Special stories remember mothers and their love

This photo of Doris Rutledge was taken in the 1940s. She “taught me the wisdom of a lifetime. She had faith as strong steel and unrivaled common sense, a woman forged from the Great Depression, World War II, women’s lib, and free love,” wrote Doris’ daughter, Angeline Roles.



This photo was taken of Doris Rutledgeon her 50th anniversary. “She was guided by four simple values: faith, politeness, hope and undying love for everyone as they became her family,” wrote her daughter, Angeline Roles



Janet Elder Anderson “had ‘fine lady’ manners and raised us that way also!” wrote Janet’s daughter, Kris Potter.



Patricia Lawton holds her grandson Tyler in this photo from Patricia’s daughter, Angela Duarte. “She was my mother and through her love for me she showed me how to be his,” Angela wrote.



Susan McBee put together an un-prom party after her daughter, Shelly Alford, wasn’t asked to prom by the boy she had a crush on. “Mom taught me how to move past my disappointments, how to maintain my dignity and self-respect and how to have fun along the way!” Shelly wrote.



It’s not often that life seems like a complete story, linear in its narrative and unfurling in a smooth, continuous reel.

Instead, life often seems like a series of vignettes, beads gliding across a string that we appreciate most when looking back and seeing them gleam in a row. It’s in the moments that we live, and with the moments that we weave our stories.

And so we think of our moms — of that one particular moment in the car with the windows rolled down, of the 7th birthday party, the morning of the wedding, the Christmas morning, that one late night when she waited up.

Many of us have, hopefully, a whole story with our moms, but it’s in drawing up those specific moments, those crystalline memories, that we most know her and most love her. It’s those moments that define her as “mom” and define her as ours.

On Mother’s Day — and today is the 100th anniversary of Mother’s Day as a national holiday — we often think, “I remember when my mom…” and the memories are made fresh and new. In honor of moms, we asked people to share those “I remember when my mom…” moments.

 

I remember when my mom…

...helped me navigate through my own fears of inadequacy the night I brought my son home from the hospital — the almost overwhelming realization that I was responsible for this amazing little person that I loved more than anything else in the world, the feeling of being completely inadequate and under-qualified to give him what he needed and deserved.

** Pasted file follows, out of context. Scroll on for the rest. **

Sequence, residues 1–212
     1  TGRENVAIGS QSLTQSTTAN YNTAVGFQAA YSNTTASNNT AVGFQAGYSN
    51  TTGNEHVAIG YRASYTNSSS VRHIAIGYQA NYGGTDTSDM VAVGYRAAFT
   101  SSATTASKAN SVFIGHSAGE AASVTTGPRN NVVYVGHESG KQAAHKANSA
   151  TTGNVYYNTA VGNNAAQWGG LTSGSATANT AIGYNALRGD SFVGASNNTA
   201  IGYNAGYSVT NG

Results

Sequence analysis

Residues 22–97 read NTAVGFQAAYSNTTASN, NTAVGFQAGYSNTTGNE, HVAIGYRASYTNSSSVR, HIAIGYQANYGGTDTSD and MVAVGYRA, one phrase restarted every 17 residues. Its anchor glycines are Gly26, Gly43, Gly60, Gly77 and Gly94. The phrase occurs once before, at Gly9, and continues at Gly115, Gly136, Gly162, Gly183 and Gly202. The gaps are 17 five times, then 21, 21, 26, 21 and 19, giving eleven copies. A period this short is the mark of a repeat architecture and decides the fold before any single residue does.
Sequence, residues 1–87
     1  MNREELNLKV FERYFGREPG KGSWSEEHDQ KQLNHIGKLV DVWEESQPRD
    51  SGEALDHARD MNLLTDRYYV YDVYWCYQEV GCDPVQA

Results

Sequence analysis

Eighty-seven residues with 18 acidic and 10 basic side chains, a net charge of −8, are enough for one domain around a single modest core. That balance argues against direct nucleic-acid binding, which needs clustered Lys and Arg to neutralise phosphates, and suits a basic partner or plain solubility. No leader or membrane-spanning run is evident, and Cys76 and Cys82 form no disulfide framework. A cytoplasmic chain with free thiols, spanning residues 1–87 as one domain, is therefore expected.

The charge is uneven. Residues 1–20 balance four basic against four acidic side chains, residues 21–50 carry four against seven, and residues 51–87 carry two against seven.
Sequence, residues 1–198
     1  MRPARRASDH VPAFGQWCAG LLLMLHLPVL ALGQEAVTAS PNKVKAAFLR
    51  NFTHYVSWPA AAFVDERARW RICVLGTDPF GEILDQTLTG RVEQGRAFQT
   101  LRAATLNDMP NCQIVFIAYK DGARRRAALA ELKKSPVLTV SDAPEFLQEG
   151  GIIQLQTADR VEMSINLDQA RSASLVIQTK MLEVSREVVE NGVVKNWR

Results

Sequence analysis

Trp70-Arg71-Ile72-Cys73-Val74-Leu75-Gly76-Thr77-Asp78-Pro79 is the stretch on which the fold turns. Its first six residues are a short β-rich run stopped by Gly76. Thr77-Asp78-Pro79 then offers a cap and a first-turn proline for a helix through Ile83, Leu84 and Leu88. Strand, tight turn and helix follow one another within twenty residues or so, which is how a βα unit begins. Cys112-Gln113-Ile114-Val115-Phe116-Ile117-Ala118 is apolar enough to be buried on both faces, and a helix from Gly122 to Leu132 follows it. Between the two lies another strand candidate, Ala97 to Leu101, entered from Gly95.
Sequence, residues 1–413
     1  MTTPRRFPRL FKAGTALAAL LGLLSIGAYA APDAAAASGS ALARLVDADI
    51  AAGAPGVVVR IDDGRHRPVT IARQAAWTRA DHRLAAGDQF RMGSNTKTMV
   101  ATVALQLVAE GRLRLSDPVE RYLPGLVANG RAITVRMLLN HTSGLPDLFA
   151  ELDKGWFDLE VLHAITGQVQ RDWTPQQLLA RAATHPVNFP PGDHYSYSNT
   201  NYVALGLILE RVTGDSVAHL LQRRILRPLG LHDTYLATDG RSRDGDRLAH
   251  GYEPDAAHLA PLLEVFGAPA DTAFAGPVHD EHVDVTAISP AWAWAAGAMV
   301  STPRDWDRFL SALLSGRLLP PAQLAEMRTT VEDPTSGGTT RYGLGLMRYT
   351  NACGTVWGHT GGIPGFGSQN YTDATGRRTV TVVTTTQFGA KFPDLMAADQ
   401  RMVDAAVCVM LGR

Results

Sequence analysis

My mother came and stayed with me that night and she stayed up with me when I was too afraid to put him down to sleep in his bassinet and instead insisted on holding him so that I could make sure he was breathing.

She showed me through her quiet understanding and calmness that I was exactly what he needed, that I was the best qualified, completely adequate and perfectly capable.

She was my mother and through her love for me she showed me how to be his.

— Angela Duarte about her mom,

Patricia Lawton

 

 

I remember when my mom…

...told me I would get to see my brother after his open heart surgery. I was 9 and he was 7. I thought I was so grown up. She followed that up with, “He doesn’t look the same, so no matter what, you have to smile and say he looks great.”

My brother didn’t look great. He was in a wheelchair and had lost so much weight (he had always been skin and bones, but now he looked like a famine victim). I smiled anyway and said what my mom told me to say.

In that moment my mom taught me to be stronger than I thought I could be and to speak love even when I am scared.

— Bernadette Hendrickson about her mom, Karen Leppink

 

 

I remember when my mom…

...saved prom night for me when the boy I had a crush on crushed my heart by asking my best friend’s sister to prom instead of me. To help me rebound from the rejection, mom orchestrated an “un-prom” party for me and my best friend.

We invited all of our friends and associates who weren’t attending prom that year. We had an excellent turnout and enjoyed personalized pizzas, root beer floats, fun group games and movies.

Thanks to mom, not only was the party a big success, but later on I even scored dates among the young men who attended. By helping me with that un-prom party, mom taught me how to move past my disappointments, how to maintain my dignity and self-respect and how to have fun along the way!

— Shelly Alford about her mom, Susan McBee

 

 

I remember when my mom…

...listened in as a group of kids and I were sitting in the living room discussing what we wanted the Easter Bunny to bring us. One of the kids, Susie, told all of us sitting there that there was no such thing as the Easter Bunny or Santa Claus and that we were babies for believing in such things. Of course, most of us were upset and I think one of the younger kids almost started to cry.

We kept talking when all of a sudden my mom said, “Who’s looking in the window?” All of the kids didn’t see anything but my mom said we should go outside and check who was out there. When we all piled out the front door, there in the snow were rabbit tracks starting at the big front window and going all the way around the corner of the house. Boy, were we excited! Susie wasn’t so popular anymore.

It wasn’t until about 20 years later that I found out my mom created those tracks in the snow because she said all kids should believe in magic for as long as they can.

— Terry Torres about her mom, Roxann McCormick

 

 

I remember when my mom…